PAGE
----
Antarctic Sea Ice Sees Record Low Growth.

Antarctic sea ice reached its lowest maximum extent on record on Sept. 10 at a time when the ice cover should have been growing at a much faster pace during the darkest and coldest months.

Sea ice around Antarctica reached its lowest winter maximum extent on Sept. 10, 2023, at 6.5 million square miles (16.96 million square kilometers), according to researchers at NASA and the National Snow and Ice Data Center (NSIDC). That’s 398,000 square miles (1.03 million square kilometers) below the previous record-low reached in 1986—a difference that equates to roughly the size of Texas and California combined. The average maximum extent between 1981 and 2010 was 7.22 million square miles (18.71 million square kilometers).

The map at the top of this page shows the sea ice extent on September 10, 2023. “It’s a record-smashing sea ice low in the Antarctic,” said Walt Meier, a sea ice scientist at NSIDC. “Sea ice growth appears low around nearly the whole continent as opposed to any one region.”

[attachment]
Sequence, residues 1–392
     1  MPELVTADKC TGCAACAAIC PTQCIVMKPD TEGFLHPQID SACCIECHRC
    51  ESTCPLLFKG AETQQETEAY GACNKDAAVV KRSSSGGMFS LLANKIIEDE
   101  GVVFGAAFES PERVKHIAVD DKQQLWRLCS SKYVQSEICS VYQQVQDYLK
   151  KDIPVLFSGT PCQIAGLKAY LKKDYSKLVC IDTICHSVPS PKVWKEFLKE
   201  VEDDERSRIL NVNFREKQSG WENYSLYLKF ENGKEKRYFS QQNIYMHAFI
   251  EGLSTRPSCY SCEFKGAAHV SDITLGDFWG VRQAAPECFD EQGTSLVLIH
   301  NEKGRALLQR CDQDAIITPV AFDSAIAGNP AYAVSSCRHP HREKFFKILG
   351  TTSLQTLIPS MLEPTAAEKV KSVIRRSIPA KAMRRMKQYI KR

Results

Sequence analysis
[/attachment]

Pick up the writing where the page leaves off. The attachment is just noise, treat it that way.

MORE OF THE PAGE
Scientists are working to understand the cause of the meager growth of the Antarctic sea ice, which could include a combination of factors such as El Niño, wind patterns, and warming ocean temperatures. New research has shown that ocean heat is likely playing an important role in slowing cold season ice growth and enhancing warm season melting.

This record-low extent so far in 2023 is a continuation of a downward trend in Antarctic sea ice that started after a record high in 2014. Prior to 2014, ice surrounding the continent was increasing slightly by about 1% per decade.

Sea ice melting at both poles reinforces warming because of a cycle called “ice-albedo feedback.” While bright sea ice reflects most of the Sun’s energy back to space, open ocean water absorbs 90% of it. With greater areas of the ocean exposed to solar energy, more heat can be absorbed, which warms the ocean waters and further delays sea ice growth.

Editor’s note: An update on Arctic sea ice is here.

NASA Earth Observatory images by Lauren Dauphin, using data from the National Snow and Ice Data Center. Story by Sally Younger (NASA’s Earth Science News Team).

Source, NASA.